A program of how the maintenance will be carried out should be included in the plan (Lamei 2011, p.4). The plan should carry systems and procedures of the management to avoid supervision by more than one body thus streamline the decision making process. An example of a preserved heritage is as indicated in the diagram below.

An example of a preserved heritage.

Hotel in an Al-Moez Street

The conservation process of the Historic monuments should incorporate the intangible heritage so as restore the memory of the historic location. Hence, there is the need to look into the cultural heritage while recovering the historic monuments of Cairo. The government should also increase investments in the tourism industry.

The rate of tourists has been low recently, despite the rich heritage that Historic Cairo carries. The government ought to invest heavily in the industry. The foreign exchange earned from the industry may aid in the invigoration of the monument sites (Stewart 2003, p.130). see diagram below for preserved shops selling hookahs in Cairo.

Preserved shops selling hookahs in Cairo.

An agenda for cultural tourism should be developed so as to safeguard the reoccurrence of heritage damage. The ancient wholesale trade should be restored by encouraging the local community to engage in handicrafts. A program should be formulated that will enhance the trade (Schreur 1999, p.18). The government should provide loans to the local artisans through banks to enable them to start the trade businesses. The government should also organize exhibitions for these products in order to market them both regionally and worldwide.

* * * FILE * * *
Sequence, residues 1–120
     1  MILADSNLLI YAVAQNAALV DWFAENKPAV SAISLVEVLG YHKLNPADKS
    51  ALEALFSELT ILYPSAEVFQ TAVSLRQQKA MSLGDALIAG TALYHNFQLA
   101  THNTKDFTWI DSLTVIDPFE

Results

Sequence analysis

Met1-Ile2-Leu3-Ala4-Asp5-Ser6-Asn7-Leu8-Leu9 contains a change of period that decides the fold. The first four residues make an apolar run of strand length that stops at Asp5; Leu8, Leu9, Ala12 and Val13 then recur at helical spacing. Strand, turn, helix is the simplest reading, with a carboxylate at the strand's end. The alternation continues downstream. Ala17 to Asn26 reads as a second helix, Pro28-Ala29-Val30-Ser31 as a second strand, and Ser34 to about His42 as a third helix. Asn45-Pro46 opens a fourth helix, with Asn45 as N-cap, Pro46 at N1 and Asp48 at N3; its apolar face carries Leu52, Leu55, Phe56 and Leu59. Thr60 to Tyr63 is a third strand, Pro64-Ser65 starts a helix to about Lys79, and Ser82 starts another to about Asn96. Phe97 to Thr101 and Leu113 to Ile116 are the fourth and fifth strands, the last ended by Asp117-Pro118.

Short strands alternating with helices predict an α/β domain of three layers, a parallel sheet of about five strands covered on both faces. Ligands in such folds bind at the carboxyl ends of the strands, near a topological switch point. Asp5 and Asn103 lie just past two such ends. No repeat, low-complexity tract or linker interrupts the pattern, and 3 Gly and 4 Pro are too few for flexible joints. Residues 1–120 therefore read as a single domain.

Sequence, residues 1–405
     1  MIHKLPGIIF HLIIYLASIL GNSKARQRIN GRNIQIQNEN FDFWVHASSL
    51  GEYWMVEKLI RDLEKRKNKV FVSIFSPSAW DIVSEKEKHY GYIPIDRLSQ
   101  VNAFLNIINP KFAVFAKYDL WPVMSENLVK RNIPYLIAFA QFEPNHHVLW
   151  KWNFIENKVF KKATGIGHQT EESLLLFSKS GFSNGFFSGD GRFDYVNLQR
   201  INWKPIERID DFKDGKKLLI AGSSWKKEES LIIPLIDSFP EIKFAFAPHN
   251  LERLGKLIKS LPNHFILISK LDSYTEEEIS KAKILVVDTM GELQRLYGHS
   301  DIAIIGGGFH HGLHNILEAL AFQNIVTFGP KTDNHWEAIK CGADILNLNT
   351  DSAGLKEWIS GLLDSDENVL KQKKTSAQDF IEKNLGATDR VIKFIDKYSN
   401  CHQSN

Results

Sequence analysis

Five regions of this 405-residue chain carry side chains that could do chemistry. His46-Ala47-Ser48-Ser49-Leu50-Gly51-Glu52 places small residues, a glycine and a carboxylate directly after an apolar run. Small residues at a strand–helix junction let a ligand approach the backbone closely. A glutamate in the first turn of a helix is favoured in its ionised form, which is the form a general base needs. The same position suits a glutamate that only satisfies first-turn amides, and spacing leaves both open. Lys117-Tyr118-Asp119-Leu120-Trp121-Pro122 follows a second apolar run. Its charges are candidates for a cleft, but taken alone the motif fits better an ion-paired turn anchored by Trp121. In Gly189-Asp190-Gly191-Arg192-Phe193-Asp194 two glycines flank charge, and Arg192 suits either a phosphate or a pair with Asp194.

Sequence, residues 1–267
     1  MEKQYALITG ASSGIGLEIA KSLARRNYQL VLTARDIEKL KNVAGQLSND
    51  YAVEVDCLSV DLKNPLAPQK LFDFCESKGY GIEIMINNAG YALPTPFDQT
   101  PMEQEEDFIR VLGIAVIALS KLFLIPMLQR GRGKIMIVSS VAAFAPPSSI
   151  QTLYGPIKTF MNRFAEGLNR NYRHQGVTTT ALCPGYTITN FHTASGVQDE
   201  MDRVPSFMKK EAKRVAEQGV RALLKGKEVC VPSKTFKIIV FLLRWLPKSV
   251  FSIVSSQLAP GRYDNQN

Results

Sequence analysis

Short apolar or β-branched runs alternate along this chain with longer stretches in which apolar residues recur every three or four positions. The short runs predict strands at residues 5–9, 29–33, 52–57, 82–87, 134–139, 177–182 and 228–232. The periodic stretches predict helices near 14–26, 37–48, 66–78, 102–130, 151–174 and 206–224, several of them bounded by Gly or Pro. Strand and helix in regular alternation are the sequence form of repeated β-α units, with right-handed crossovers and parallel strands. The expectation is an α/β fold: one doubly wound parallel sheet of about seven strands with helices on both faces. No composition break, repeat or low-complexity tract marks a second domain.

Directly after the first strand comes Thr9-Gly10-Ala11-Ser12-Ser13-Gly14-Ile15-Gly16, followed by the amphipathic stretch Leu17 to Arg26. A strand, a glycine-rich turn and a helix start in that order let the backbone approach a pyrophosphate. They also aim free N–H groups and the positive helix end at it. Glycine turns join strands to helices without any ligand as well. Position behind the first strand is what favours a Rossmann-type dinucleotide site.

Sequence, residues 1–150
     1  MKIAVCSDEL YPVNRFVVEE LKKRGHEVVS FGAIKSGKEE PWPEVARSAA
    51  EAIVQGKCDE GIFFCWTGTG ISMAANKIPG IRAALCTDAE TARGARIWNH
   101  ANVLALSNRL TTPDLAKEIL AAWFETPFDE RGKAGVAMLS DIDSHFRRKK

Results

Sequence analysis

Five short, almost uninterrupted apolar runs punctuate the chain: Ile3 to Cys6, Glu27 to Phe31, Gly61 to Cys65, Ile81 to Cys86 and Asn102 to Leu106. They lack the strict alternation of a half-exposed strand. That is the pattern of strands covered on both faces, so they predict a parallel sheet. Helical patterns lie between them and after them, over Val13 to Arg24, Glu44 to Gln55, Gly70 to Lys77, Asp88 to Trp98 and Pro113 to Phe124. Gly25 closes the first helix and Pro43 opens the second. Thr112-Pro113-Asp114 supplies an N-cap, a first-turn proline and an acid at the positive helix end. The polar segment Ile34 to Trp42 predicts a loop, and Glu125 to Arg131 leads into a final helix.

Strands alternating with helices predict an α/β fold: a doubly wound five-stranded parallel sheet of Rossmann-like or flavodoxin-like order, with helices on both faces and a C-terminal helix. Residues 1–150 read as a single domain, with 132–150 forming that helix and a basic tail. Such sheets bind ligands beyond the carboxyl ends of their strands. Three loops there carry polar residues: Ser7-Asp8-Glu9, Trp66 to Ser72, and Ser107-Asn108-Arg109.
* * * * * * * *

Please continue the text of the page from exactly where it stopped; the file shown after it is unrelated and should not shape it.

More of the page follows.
The Non-governmental Organizations should also be involved in the rehabilitation process as they are experts in communicating with people as well as encouraging investors to invest I tourism. They also have expertise in the best methods to rehabilitate old historic sites so as to be well-suited with conventional building methods and techniques laid down by the relevant authorities without loss of cultural heritage.

The non-governmental organizations are also significant in funding of projects. The government should come up with resettlement scheme to resettle the extra population residing in the monument sites. This will ease pressure on the resources such as water, sewerage systems and electricity (Mohareb & Kronenburg 2012, p.12). The government should also provide housing to these residents so as to ease conversion of monuments into houses.